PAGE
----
Most Suffolk politicians have welcomed Boris Johnson's decision to quit the House of Commons - although some Tories do fear its impact on the party.

And there remain a small number of fans of former Prime Minister who feel he was forced out of Downing Street and he has now fallen victim to a witchhunt.

Central Suffolk and North Ipswich MP Dr Dan Poulter was an early backer of Mr Johnson when he ran for the leadership of the party in 2019 - but felt his behaviour during and after the pandemic made his departure inevitable.

East Anglian Daily Times: Dr Dan Poulter brought Boris Johnson to Suffolk during his Conservative Party leadership campaign.Dr Dan Poulter brought Boris Johnson to Suffolk during his Conservative Party leadership campaign. (Image: Archant)

Dr Poulter said: "It (resigning as an MP) was the right thing to do. Clearly he saw what the standards committee had said and realised it was better to go like this than staying and almost certainly having to fight a by-election which he might well lose."

He said Mr Johnson had lost the trust of so many of his colleagues that it had been impossible for him to remain in Downing Street and once it sas clear that the committee did feel he had knowingly misled Parliament he had no alternative but to resign as MP.

Dr Poulter added: "To be honest it doesn't really affect the work I am doing here in Suffolk - the people I meet are more keen that the government should be concentrating on the economy, the war in Ukraine, and the NHS."

Dr Poulter also said that while by-elections could be difficult, they would not blow the government off-course.

Waveney MP Peter Aldous was one of the first MPs to call for Mr Johnson to resign as PM in February last year as the partygate revelations started to swirl.

This weekend he said: "Boris Johnson is a highly-skilled communicator and is very good at bringing people together.

"But what this all shows is the importance of probity in public life - you have to be honest and show that you are honest.

"On so many things he failed to do that. He was brought down by the three Ps - (Owen) Patterson, (Chris) Pincher and Partygate - and in the end people simply did not trust his judgement.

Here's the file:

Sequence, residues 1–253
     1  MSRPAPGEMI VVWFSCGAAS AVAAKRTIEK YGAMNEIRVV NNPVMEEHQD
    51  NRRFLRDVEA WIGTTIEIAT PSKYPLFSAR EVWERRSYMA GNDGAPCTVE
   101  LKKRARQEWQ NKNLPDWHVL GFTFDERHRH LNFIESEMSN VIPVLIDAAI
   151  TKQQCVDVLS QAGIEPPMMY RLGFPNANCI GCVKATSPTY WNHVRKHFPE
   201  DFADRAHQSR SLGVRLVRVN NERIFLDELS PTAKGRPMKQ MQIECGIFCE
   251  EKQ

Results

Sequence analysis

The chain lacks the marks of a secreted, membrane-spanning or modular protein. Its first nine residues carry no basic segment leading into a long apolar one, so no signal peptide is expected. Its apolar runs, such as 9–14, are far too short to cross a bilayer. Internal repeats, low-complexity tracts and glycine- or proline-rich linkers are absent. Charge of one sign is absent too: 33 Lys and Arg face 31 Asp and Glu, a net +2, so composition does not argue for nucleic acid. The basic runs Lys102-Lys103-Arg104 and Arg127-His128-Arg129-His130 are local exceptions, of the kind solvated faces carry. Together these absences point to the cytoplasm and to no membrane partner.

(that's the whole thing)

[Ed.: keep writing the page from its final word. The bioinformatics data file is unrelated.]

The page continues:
"If he'd fessed up and admitted his faults, even at the last, he might have been able to hang on - but his determination to try to bluff his way out let to this."

Mr Johnson does retain some supporters.

Former East of England MEP David Campbell Bannerman, who joined the Tories after originally being elected for UKIP, is now chairman of the pro-Boris Conservative Democracy Organisation. He called for the party to be rebuilt around Mr Johnson.



In a Tweet - and on BBC's Newsnight - he repeated Mr Johnson's claim that he had been sanctione by a "Kangaroo Court" of the House of Commons.

And Suffolk county councillor Nadia Cenci, a long-term backer of Mr Johnson, said the former PM had been the reason she and thousands of other Conservatives across the country had been elected in 2021.



The Conservative's political opponents were paying close attention to what was happening in the party.

Ipswich Labour candidate Jack Abbott said Mr Johnson's resignation had been a major issue on the doorsteps during Saturday morning's canvassing session.

He said: "Boris Johnson's political career is ending in disgrace.

"Good riddance to a man who has done so much damage to our country with his lies, incompetence, selfishness and fecklessness.

"But while the Conservative Party indulges in yet another civil war, the Labour Party will continue to work hard, focus on the issues affecting people everyday, and bring back stability to our county after years of chaos."